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Archives for: August 2007


Associated Content, 8/2/2007
Lerrick urges Senate to demand greater accountability from World Bank
Adam Lerrick, The Friends of Allan H. Meltzer Chair in Economics and Director of the Gailliot Center for Public Policy, appeared before a subcommittee of the U.S. Senate to argue that the World Bank is becoming an ineffective institution. Lerrick urged the United States to demand greater accountability and transparency from the bank.

Pittsburgh Tribune-Review, 8/7/2007
Spatt: Late trading, market timing big issues for SEC
Late trading practices and mutual-fund market timing were huge issues at the Securities and Exchange Commission during the tenure of Chester Spatt, Mellon Bank Professor of Finance and Director, Center for Financial Markets. Spatt, who recently returned to the Tepper School from his post as the SEC’s chief economist, created economic models to assess the extent of financial damage to investors from rules violations, devised penalties, and drafted rules to protect investors.

BusinessWeek, 8/8/2007
Fed shouldn’t change policy to bail out Wall Street
It would be a mistake for the Federal Reserve to change its policy to rescue Wall Street failures, advises Allan H. Meltzer, The Allan H. Meltzer University Professor of Political Economy. In fact, Meltzer argues, speculator losses could clean out the financial markets and make them healthier.

Inside Product Strategy, 8/8/2007
SaaS becoming increasingly significant to companies
The fast-growing Software as a Service business model, or SaaS, will become increasingly significant to companies that make consumer electronics and other devices, according to Robert Monroe, Visiting Lecturer, Information Technology and Computer Science. Monroe says the significance lies in deciding how periodic connections to the Internet could add value to the product.

Los Angeles Times, 8/10/2007
Meltzer: Capitalism needs a little failure now and then
The Federal Reserve should not load up on high-risk bonds to solve problems for investors, because that runs counter to the principles of capitalism, some experts say. As Allan Meltzer, The Allan H. Meltzer University Professor of Political Economy, phrases it: “Capitalism without failure is like religion without sin.”

Pittsburgh Business Times, 8/10/2007
Networking events foster business growth
Networking is an essential ingredient to entrepreneurial success, according to Arthur A. Boni, John R. Thorne Chair of Entrepreneurship; Associate Teaching Professor of Entrepreneurship; Director, Donald H. Jones Center for Entrepreneurship. Networking groups are common in Silicon Valley, but would be a smart venture for nearly any company, he notes.

Political Animal, 8/12/2007
Fed’s purchase of mortgage-backed securities unusual, but not shocking
The Federal Reserve’s purchase of several billion dollars in mortgage-backed securities was unusual, “but not tremendously so,” says Stephen Spear, Professor of Economics. Spear writes that the Fed’s action was unusual in the quantity of reserves lent out and the way collateral was handled, but the general operating procedure, including the type of collateral accepted, was completely standard.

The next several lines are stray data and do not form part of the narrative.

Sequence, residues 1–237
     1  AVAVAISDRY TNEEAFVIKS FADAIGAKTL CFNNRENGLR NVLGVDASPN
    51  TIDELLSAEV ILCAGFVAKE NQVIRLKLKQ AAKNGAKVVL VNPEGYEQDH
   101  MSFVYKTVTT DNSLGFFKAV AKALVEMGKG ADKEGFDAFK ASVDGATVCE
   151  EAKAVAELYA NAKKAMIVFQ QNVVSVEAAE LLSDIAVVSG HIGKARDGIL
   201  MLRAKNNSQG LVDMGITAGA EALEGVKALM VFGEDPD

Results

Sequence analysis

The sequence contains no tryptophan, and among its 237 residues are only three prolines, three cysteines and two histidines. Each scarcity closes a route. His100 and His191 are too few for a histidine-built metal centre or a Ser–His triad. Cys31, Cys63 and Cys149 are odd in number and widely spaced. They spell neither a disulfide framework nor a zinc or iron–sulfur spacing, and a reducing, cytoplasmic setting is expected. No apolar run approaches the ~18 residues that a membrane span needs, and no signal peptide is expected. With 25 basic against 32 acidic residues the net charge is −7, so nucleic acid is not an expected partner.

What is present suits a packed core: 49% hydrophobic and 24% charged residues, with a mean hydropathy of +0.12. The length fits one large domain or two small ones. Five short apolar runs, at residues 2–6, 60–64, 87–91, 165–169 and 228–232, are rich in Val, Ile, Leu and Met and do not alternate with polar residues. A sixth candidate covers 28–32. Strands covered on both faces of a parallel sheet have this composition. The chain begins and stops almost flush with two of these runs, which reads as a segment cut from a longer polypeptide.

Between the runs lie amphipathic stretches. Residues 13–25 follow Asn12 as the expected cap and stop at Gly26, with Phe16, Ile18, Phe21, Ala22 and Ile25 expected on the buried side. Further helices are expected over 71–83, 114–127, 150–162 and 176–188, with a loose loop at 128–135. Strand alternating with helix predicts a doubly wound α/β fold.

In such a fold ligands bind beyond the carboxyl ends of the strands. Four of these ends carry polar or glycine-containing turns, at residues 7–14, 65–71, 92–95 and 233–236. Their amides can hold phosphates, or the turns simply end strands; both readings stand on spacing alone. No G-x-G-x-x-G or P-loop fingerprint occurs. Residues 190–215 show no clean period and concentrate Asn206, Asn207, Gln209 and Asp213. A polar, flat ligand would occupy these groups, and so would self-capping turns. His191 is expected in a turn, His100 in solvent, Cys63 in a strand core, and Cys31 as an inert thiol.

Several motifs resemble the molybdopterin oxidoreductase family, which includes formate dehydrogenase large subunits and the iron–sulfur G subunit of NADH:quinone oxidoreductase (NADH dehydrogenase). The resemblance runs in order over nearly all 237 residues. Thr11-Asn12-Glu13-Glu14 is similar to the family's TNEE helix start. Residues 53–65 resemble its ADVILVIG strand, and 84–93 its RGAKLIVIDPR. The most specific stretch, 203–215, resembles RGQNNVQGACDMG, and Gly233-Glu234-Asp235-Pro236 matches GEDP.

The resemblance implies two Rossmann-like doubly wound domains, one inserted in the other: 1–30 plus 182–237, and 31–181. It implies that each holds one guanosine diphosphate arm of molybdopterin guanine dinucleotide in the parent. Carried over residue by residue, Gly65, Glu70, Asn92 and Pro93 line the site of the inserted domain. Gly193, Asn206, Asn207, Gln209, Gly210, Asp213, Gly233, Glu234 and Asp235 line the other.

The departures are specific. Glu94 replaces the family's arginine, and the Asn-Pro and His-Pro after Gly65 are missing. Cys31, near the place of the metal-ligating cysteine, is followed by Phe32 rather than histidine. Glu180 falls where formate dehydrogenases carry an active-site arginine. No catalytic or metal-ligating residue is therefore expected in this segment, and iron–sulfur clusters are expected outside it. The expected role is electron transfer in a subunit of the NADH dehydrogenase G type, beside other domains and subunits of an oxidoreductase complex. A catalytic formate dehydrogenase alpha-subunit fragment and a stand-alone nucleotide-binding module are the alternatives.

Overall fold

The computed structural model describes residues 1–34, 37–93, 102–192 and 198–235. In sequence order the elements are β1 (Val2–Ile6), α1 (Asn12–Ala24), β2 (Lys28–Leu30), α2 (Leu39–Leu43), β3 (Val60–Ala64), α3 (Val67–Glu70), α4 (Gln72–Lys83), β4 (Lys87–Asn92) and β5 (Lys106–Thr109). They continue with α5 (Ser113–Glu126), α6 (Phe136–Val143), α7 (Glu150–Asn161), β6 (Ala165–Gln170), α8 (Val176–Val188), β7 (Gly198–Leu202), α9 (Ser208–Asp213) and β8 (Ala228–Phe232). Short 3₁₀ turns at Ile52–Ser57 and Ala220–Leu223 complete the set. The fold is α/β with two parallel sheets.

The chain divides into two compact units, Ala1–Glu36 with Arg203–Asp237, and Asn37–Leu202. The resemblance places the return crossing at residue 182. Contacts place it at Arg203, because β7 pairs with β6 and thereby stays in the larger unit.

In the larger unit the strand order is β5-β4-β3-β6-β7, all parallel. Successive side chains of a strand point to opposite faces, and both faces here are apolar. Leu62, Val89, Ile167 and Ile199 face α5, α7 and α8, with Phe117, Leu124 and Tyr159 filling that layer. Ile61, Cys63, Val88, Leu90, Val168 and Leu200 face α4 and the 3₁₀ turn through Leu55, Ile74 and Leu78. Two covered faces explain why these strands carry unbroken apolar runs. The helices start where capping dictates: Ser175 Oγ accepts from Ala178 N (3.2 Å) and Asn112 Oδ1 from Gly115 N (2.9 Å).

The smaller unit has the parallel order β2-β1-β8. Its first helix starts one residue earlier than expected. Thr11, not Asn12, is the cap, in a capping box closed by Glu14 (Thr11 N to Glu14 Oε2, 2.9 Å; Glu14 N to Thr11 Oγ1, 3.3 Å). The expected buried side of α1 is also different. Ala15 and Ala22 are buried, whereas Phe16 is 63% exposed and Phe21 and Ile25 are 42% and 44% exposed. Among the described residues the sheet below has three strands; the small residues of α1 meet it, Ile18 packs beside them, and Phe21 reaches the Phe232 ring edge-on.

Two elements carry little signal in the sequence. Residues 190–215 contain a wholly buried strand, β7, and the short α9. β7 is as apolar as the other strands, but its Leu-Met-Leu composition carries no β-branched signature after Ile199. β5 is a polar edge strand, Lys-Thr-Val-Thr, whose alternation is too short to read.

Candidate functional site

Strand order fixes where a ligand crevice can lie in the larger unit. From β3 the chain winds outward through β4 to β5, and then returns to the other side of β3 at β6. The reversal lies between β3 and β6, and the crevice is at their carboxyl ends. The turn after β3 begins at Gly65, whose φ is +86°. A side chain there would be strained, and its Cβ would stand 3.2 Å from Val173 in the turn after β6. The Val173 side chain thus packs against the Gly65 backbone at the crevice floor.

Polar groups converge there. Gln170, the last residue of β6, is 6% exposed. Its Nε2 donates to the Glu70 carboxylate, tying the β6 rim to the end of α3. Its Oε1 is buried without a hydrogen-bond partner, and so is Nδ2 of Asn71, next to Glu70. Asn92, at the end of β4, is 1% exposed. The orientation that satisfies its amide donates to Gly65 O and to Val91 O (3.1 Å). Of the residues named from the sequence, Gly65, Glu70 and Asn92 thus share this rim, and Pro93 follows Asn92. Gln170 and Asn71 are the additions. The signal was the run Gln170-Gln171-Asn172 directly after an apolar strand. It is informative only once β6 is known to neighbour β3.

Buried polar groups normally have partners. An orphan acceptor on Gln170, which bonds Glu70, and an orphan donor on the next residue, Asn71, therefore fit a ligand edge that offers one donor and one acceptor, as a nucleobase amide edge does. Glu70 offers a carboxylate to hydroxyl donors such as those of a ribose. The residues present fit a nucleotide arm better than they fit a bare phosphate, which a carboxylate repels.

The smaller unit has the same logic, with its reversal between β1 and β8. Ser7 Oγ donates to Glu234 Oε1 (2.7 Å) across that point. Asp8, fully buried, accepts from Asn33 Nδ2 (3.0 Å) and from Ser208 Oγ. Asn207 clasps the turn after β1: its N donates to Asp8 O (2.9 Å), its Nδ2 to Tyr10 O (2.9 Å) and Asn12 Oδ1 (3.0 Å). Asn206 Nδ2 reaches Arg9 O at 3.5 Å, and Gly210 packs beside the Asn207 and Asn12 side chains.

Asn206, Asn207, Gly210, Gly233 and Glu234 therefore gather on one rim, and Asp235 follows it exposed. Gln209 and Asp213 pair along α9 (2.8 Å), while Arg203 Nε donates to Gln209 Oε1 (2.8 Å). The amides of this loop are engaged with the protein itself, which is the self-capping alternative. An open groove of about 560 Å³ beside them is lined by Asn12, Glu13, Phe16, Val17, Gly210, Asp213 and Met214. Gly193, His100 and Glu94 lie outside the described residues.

Pittsburgh Post-Gazette, 8/13/2007
Cutting garages’ taxes won’t provide immediate parking rate relief
Cutting the tax that garages pay will not immediately result in reduced parking rates for commuters in Pittsburgh, says Stephen Spear, Professor of Economics. Over several years, the cuts might encourage garages to expand, which could eventually impact the market price, as could a tax increase that would result in some parking facilities closing, he says.

MBA Universe, 8/13/2007
Balachandran reflects on his career
Three years ago, Professor Bala Balachandran decided to set up his own business school, the Great Lakes Institute of Management, after decades of teaching at the Kellogg School of Management. Balachandran, who earned an MSIA from the Tepper School in 1972 and a PhD in 1973, has earned numerous scholastic honors, awards, and fellowships and serves as a consultant to both industry and the U.S. Air Force.

CBS Evening News, 8/15/2007
Allan Meltzer comments on CBS Evening News
Allan H. Meltzer, The Allan H. Meltzer University Professor of Political Economy, was interviewed for the CBS Evening News in a piece by Anthony Mason on the stock market. Optimists believe the stock market is still in a correction after the Dow dropped below 13,000 points, but investors worry about home sales and credit.

Omaha World-Herald, 8/16/2007
MBA grad returns to the game he loves
Tepper School alumnus Joe Randolph says while he considered going into the medical field, he just couldn’t get away from the game he loves: football. Randolph, who earned an MBA in 2004, is the new tight ends coach for the University of Nebraska.

Associated Press, 8/16/2007
Fed, other central banks may fade into background
In earlier decades, the Federal Reserve was responsible for a greater share of fluctuations in employment and inflation than it is now, says Marvin Goodfriend, Professor of Economics. Goodfriend believes the Fed and other world central banks may fade into the background within the next several months.

U.S. News & World Report, 8/17/2007
Tepper School undergraduate program rises in rankings
The Tepper School’s undergraduate business program was ranked seventh overall by U.S. News and World Report, up slightly from its eighth-place finish last year. The school also ranked first in MIS, second in Operations, and second in Quantitative Methods.

Bloomberg, 8/17/2007
Monetary side probably affected credit squeeze in Great Depression
Federal Reserve Chairman Ben Bernanke’s theory that a credit squeeze played a role distinct from that of money in the Great Depression is a plausible story, but probably doesn’t hold up under closer scrutiny, says Allan Meltzer, the Allan H. Meltzer University Professor of Political Economy. Meltzer says the monetary side brought the credit side down.

The American Daily, 8/17/2007
Lerrick: Billions in World Bank funds destined for Africa have gone offshore